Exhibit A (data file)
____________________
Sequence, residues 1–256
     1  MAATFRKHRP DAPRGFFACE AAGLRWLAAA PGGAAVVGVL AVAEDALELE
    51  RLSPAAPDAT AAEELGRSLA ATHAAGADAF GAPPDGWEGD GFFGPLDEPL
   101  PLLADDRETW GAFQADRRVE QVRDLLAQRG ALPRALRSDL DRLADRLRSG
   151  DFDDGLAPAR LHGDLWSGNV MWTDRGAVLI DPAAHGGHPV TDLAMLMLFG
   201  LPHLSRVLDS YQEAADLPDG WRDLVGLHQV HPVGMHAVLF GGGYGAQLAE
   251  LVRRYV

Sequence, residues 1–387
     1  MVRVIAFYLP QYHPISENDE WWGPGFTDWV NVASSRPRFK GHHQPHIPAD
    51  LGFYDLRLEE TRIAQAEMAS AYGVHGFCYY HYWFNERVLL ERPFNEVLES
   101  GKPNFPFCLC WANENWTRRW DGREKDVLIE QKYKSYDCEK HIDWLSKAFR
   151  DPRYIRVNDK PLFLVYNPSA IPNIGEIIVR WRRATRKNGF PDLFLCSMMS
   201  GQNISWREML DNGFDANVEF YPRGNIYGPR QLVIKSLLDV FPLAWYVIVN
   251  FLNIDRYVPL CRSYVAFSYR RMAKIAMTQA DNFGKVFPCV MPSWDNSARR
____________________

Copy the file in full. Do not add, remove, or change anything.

Sequence, residues 1–256
     1  MAATFRKHRP DAPRGFFACE AAGLRWLAAA PGGAAVVGVL AVAEDALELE
    51  RLSPAAPDAT AAEELGRSLA ATHAAGADAF GAPPDGWEGD GFFGPLDEPL
   101  PLLADDRETW GAFQADRRVE QVRDLLAQRG ALPRALRSDL DRLADRLRSG
   151  DFDDGLAPAR LHGDLWSGNV MWTDRGAVLI DPAAHGGHPV TDLAMLMLFG
   201  LPHLSRVLDS YQEAADLPDG WRDLVGLHQV HPVGMHAVLF GGGYGAQLAE
   251  LVRRYV

Sequence, residues 1–387
     1  MVRVIAFYLP QYHPISENDE WWGPGFTDWV NVASSRPRFK GHHQPHIPAD
    51  LGFYDLRLEE TRIAQAEMAS AYGVHGFCYY HYWFNERVLL ERPFNEVLES
   101  GKPNFPFCLC WANENWTRRW DGREKDVLIE QKYKSYDCEK HIDWLSKAFR
   151  DPRYIRVNDK PLFLVYNPSA IPNIGEIIVR WRRATRKNGF PDLFLCSMMS
   201  GQNISWREML DNGFDANVEF YPRGNIYGPR QLVIKSLLDV FPLAWYVIVN
   251  FLNIDRYVPL CRSYVAFSYR RMAKIAMTQA DNFGKVFPCV MPSWDNSARR